Lost on Tech Stocks

In college, I remember my professor telling me that The Wizard of Oz wasn’t really about a girl and her dog who get blown over the rainbow. He said that the story is really a political allegory all about the events of the 1896 presidential election. Since my professor was a former 60’s radical, I just assumed this was some weird LSD/banana peel flashback. I mean, this was just too weird to be true. It had to be a coincidence, like playing Dark of the Moon during, well…The Wizard of Oz.
But slowly, my professor convinced me. He said that L. Frank Baum was mocking the politicians of his day in the guise of an innocent children’s story. The Scarecrow represented the farmers (Baum thought they didn’t have any brains). The Tin Man (factory workers) was heartless. And William Jennings Bryan was the Cowardly Lion who was trying to make it to the White House (Emerald City) on the issue of the gold standard (yellow brick road). Gold is measured in ounces. Oz. Get it? I don’t know who Toto was, but I’m sure he fit in somewhere.
I couldn’t believe it. I felt like my whole childhood had been robbed. Instead of watching the Wizard of Oz, I had really been watching Agronsky & Co. Is anything sacred? Ever since then, I’ve been a cynic. Later, I went to business school and now I do this. You see, the scars never heal.
Now I looked for hidden meanings in everything. Nothing is what it seems. I look for codes in Spaghettios. I was way ahead of this da Vinci person. And now, dear reader, I’m going to share my most brilliant discovery with you. The hit television show Lost is not what it seems. The more I watch it, the more I realize the truth. Lost is an allegory about…tech stocks.
dun dun DUNN!!
Now, this isn’t some “crazy” theory typed out by some “weirdo” on the Interweb. I have “proof.” If you watch carefully, every character is oddly similar—too similar—to a tech stock. The connections are down right eerie. My firm belief is that the producers of Lost are sending us a message. What it is, I know not. All I can say is that I report, you decide.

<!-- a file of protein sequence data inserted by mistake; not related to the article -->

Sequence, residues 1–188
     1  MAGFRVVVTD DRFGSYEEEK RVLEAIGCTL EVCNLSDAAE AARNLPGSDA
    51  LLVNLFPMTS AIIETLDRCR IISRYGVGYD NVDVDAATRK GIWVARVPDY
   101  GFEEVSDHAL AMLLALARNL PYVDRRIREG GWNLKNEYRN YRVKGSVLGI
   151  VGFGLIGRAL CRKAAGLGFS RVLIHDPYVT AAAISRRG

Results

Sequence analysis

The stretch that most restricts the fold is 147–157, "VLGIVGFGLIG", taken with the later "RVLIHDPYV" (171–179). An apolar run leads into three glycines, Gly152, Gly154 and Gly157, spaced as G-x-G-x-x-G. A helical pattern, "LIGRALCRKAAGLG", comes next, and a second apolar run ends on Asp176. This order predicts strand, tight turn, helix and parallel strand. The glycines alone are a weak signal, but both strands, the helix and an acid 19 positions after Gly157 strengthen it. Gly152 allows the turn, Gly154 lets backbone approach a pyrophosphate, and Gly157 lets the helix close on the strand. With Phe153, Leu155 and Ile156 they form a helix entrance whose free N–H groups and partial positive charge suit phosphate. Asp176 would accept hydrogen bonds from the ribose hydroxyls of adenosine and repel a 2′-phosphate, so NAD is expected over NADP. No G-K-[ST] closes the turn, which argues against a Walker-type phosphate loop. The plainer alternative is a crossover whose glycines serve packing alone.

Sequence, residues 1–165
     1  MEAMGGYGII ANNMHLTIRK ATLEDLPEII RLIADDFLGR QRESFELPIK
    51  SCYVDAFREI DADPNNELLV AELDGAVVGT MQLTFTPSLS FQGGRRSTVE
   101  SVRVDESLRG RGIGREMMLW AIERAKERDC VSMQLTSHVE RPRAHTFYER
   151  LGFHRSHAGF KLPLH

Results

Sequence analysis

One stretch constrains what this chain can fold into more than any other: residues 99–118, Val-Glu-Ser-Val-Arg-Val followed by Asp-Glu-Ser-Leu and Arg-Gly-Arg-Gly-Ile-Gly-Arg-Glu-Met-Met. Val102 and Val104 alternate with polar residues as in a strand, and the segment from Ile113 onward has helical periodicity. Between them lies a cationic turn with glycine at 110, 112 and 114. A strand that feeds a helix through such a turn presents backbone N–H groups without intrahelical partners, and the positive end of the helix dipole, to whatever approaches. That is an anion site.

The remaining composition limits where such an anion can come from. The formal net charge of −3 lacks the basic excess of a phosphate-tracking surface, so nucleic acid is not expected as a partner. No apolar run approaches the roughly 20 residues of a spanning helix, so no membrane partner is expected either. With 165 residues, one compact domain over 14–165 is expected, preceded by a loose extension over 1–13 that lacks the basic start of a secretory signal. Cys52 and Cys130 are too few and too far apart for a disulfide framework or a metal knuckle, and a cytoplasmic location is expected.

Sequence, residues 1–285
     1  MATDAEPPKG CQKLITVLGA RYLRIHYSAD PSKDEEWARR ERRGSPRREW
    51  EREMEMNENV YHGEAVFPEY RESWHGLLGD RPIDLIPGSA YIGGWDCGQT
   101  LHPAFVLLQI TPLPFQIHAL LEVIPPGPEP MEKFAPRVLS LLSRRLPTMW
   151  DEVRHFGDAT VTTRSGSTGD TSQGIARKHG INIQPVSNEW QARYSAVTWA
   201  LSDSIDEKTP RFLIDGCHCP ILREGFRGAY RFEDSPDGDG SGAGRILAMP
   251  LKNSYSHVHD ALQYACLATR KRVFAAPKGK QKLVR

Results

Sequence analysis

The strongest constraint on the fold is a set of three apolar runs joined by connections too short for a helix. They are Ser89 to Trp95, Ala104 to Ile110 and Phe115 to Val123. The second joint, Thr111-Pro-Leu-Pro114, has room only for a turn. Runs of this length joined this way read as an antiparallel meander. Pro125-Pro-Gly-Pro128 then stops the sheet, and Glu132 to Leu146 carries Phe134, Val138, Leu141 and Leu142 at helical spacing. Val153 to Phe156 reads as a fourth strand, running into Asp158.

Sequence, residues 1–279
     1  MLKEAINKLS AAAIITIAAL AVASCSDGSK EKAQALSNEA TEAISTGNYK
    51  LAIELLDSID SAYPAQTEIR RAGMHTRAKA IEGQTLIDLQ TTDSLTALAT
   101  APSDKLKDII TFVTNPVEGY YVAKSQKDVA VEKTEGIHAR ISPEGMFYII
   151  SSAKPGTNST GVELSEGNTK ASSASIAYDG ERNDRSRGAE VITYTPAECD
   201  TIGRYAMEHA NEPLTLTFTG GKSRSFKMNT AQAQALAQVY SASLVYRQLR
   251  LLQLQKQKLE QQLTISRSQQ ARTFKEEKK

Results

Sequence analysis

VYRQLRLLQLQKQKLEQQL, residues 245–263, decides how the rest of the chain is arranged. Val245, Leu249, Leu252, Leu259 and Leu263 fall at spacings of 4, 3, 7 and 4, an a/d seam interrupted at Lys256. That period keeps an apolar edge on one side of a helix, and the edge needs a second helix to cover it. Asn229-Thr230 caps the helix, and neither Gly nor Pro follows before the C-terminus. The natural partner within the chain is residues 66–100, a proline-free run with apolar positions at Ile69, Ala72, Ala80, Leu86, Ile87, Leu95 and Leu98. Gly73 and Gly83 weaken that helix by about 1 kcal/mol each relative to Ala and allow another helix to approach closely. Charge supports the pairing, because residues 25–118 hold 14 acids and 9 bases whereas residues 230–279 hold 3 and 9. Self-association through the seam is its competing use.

Let’s look at the characters one-by-one. We’ll start with Dr. Jack Sheppard who is quite obviously a thinly-disguised Microsoft (INTC). Dr. J is the center of the island. He’s the leader and we understand that his fate is tied to the fate of the survivors. Jack is basically an older version of Charlie Salinger on Party of Five. He’s the prissy drama queen who’s in charge. But instead of his parents dying and bravely leading his family onward, it’s a plane crash, and he’s bravely leading the survivors onward. Instead of Jennifer Love Hewitt, we have Maggie Grace. Instead of Scott Wolf, we have sand.
Not only is Microsoft the largest tech stock, it’s easily the most influential. If MSFT says something, others might grumble, but they’ll go along eventually. Jack is arrogant and bossy, but everyone knows that he’s smart. Being a doctor on that island is like making software in today’s economy. At the end of the day, no one can question Redmond. Also, Microsoft would have some of the best flash back scenes. Jack’s father is IBM (IBM). There’s a whole Oedipal subtext floating around.
Hugo “Hurley” Reyes and Google (GOOG). Hurley is everyone’s favorite character. He’s the most fun; Hurley is laid back and funny. But even he has a dark secret. Like the Google Dolls, Hurley is filthy rich, and he has some odd connection to the series of numbers (Google’s algorithms!). I could even see Hurley arguing TNG plot lines with Sergey and Larry. Also like Hurley, Google is a bit overinflated. That fit is just too much. But like Google, we have no idea what the future holds. What does it all mean? In the end, Hurley/Google is an enigma, but we can’t help liking him.
Warning: Plot spoiler.
This concludes Part I of my Lost/Tech Stock Theory. I’ll have more as the market/season develops.

Posted by on October 30th, 2005 at 10:59 pm

The information in this blog post represents my own opinions and does not contain a recommendation for any particular security or investment. I or my affiliates may hold positions or other interests in securities mentioned in the Blog, please see my Disclaimer page for my full disclaimer.